Powerpoint for Adult Living Solutions


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Powerpoint for Adult Living Solutions

  1. 1. Rod Holst541-685-1533rod@adultlivingsolutions.com Your Independent and Assisted Living Referral Placement Specialists adultlivingsolutions.com
  2. 2. FREE REFERRALS Active Retirement Assisted Living Residential Care Alzheimer’s & Memory Care Adult Foster Homes Skilled Nursing Homes I can save a person a lot of time and frustration by recommending and taking them to the communities that best meet their needs availability. There is no charge to clients or families for my services.2
  3. 3. REFERRAL PLACEMENT PROCESS Meet and Gather Information Search for Best Communities Visit Selected Communities Move In Follow Up I only work with people who are private pay and not on state paid Medicaid.3
  4. 4. RESIDENT’S BILL OF RIGHTS All facilities are licensed by the state. Care communities and homes are inspected on a regular basis by the state. Skilled nursing homes are also inspected by the federal government. Caregivers must respect your privacy, dignity, independence and your right to make choices. Each facility must post the Resident’s Bill of Rights in the home and discuss those rights with each resident at the time of admission.4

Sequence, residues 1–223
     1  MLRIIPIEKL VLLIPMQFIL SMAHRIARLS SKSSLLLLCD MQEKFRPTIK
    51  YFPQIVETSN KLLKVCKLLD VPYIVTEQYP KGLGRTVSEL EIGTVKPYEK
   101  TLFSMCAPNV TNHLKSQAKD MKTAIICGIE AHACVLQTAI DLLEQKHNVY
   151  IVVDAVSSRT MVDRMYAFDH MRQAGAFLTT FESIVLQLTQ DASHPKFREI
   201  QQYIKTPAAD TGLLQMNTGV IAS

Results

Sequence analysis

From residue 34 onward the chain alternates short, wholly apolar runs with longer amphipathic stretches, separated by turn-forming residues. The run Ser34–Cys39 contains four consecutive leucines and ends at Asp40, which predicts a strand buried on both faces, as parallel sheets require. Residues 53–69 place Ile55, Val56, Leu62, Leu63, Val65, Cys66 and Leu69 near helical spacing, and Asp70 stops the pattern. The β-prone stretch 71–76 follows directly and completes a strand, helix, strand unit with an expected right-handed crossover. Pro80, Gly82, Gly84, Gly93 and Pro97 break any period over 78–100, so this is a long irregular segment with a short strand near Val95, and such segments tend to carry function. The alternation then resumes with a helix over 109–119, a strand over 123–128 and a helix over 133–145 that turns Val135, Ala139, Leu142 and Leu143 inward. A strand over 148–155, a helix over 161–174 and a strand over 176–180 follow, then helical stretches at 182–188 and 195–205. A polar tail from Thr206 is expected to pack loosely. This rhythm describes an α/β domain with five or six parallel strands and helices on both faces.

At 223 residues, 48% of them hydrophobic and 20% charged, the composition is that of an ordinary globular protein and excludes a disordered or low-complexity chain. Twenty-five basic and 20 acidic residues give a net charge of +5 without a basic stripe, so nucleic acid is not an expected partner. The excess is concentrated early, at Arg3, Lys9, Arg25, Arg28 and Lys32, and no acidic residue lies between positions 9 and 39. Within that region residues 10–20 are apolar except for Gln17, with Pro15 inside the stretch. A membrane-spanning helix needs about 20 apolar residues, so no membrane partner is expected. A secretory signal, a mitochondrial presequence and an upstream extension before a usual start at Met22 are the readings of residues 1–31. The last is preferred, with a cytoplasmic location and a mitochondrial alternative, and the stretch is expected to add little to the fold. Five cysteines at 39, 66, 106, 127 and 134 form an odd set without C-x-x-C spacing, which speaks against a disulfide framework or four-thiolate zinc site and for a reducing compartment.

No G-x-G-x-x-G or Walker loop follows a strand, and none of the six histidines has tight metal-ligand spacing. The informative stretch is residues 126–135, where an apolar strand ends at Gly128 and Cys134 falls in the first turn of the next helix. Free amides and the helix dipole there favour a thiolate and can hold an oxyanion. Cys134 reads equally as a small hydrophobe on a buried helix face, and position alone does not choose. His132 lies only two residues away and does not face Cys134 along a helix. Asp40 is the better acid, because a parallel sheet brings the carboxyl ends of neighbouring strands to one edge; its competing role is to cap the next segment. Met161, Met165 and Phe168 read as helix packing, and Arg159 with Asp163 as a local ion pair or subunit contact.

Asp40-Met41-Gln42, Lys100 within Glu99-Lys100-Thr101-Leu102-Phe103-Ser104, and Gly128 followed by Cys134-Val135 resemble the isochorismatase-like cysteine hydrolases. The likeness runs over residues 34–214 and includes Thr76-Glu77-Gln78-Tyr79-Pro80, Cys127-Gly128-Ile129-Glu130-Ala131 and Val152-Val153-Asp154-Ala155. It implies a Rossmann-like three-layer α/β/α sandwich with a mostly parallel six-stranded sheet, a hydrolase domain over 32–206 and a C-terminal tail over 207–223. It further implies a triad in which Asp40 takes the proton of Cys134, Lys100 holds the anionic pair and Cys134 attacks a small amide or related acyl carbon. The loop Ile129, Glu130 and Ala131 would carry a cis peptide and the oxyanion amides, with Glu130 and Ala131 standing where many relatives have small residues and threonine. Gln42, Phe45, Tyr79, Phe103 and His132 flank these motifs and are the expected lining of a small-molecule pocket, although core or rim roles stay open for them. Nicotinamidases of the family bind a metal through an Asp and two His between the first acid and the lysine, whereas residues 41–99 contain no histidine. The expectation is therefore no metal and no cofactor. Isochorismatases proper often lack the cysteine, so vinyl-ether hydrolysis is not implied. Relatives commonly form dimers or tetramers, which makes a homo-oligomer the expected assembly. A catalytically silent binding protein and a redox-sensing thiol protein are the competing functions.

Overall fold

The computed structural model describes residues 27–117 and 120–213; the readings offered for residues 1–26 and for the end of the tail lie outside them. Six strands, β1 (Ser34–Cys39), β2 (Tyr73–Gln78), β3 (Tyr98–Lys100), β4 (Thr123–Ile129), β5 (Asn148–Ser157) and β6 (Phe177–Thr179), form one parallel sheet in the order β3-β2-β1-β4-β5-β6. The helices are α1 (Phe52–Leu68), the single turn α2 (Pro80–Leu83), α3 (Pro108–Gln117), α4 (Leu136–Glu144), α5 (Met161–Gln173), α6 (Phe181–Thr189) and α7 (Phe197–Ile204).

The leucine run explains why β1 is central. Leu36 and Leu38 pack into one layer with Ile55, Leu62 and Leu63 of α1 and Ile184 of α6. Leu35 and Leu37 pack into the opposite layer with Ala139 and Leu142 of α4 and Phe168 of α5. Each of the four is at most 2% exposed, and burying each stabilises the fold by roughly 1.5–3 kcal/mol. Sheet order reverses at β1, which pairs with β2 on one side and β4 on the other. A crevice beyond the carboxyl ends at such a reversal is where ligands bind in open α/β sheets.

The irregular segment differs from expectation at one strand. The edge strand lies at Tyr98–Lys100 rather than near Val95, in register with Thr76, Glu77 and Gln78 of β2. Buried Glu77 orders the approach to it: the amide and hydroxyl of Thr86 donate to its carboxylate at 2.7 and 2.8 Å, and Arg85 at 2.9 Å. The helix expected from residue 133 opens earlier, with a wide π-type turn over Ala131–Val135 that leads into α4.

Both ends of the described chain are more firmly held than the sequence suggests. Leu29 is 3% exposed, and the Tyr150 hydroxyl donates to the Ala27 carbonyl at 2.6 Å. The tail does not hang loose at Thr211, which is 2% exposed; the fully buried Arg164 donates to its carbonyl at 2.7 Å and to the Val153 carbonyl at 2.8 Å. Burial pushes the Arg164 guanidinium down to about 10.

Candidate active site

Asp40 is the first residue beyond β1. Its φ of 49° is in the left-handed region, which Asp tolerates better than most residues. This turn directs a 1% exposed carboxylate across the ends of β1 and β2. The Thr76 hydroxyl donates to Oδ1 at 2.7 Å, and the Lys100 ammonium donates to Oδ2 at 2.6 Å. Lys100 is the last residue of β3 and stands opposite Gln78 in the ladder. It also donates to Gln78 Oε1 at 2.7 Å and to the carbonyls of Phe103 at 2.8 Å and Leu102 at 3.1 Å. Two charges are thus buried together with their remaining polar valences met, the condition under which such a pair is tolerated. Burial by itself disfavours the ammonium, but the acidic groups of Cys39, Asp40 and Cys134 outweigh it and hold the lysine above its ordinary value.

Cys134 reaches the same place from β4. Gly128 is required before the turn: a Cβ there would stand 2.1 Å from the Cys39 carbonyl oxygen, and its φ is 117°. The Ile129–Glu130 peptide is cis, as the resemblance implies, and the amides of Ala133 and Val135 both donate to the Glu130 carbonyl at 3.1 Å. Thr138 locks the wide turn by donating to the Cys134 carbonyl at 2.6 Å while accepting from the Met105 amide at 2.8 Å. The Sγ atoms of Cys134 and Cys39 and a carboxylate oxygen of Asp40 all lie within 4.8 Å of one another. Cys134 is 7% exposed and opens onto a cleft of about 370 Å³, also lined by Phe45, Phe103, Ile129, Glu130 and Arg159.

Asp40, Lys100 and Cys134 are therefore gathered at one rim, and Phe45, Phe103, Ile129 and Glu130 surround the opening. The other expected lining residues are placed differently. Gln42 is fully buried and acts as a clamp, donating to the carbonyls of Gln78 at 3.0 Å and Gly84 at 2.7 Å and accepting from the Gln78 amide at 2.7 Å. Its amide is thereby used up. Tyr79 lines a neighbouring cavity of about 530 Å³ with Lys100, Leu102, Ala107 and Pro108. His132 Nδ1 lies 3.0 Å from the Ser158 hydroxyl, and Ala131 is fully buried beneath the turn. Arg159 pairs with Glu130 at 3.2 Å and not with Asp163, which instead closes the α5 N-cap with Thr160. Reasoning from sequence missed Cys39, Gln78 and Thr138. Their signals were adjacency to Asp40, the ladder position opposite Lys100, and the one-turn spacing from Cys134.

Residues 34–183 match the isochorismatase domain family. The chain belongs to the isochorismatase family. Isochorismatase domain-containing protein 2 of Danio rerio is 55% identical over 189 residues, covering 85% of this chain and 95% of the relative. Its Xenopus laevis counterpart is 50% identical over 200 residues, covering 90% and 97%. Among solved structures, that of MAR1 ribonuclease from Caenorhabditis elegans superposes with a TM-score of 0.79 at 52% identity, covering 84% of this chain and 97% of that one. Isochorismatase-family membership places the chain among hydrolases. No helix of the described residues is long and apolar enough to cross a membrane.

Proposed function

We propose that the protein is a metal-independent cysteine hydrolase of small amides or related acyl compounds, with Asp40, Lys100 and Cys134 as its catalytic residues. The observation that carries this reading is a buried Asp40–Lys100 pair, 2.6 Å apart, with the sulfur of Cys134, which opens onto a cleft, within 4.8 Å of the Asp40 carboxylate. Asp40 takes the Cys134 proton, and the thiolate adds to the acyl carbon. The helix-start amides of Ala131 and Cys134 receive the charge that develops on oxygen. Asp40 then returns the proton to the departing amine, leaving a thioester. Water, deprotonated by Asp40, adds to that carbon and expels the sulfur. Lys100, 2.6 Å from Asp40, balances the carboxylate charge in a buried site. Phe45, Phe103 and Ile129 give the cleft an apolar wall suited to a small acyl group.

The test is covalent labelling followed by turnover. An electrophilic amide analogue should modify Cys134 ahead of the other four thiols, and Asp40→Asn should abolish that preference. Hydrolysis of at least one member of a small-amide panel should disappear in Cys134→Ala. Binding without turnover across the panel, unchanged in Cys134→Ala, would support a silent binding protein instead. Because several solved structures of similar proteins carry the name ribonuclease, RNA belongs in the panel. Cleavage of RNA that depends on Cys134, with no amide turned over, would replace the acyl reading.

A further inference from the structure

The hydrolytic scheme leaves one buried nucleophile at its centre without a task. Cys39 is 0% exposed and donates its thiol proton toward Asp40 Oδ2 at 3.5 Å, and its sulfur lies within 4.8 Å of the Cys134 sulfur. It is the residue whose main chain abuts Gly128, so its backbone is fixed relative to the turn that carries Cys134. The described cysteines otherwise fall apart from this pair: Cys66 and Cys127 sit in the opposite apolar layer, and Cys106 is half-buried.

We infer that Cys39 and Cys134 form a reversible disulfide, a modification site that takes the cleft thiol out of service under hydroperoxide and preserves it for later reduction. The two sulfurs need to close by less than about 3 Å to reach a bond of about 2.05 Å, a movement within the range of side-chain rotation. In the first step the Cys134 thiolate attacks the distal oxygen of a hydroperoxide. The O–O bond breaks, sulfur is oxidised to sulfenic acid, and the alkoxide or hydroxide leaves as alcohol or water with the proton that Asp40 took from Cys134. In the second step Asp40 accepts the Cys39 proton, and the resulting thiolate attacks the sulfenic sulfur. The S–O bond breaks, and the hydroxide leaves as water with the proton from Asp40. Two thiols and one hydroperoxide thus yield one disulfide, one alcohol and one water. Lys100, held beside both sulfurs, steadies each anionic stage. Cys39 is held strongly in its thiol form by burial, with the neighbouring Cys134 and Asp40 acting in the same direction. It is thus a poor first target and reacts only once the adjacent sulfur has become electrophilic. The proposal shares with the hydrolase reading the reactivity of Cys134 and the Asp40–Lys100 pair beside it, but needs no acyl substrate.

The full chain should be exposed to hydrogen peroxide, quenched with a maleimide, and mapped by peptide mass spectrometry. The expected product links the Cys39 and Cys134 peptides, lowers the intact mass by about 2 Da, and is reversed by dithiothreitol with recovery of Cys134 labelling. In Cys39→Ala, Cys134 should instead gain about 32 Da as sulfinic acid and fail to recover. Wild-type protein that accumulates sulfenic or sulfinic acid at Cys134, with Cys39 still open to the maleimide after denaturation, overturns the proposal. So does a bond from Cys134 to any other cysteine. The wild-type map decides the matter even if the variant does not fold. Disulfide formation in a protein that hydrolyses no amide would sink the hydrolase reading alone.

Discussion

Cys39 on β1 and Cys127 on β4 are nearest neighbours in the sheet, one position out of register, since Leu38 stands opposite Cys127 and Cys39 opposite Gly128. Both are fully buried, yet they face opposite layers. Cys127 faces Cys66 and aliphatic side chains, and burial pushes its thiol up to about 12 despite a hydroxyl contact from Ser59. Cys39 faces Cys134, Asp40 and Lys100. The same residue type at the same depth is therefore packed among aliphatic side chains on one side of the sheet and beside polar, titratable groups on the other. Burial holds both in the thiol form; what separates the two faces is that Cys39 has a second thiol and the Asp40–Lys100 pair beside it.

5. 5. RETIREMENT COMMUNITIES Private Apartments (up to 3 bedroom) Usually unfurnished Kitchen and bath Designed for those who are totally or nearly independent Live in a community with other seniors Secure Amenities Include: Organized social programs 1, 2, or 3 meals per day Weekly housekeeping & linen laundry Transportation Recreational activities Barber, beautician, social services Access to health and shopping facilities Disadvantages: They usually do not provide nursing care services Average Cost: $1100 to $4300 per month Studio $1600, 1 Bdrm $2200, 2 Bdrm $2700, 2nd person $5005
  6. 6. ALL ASSISTED CARE COMMUNITIES PROVIDE Medication management (under lock & key) 3 meals a day Weekly housekeeping and linen service Laundry (most Assisted Living facilities charge for personal laundry) Activities Transportation (most facilities, some foster homes) Assist with activities of daily living (ADLs) Some charge for extra care using a point system based on the kind of extra care, others use a combination of points and level of services method.6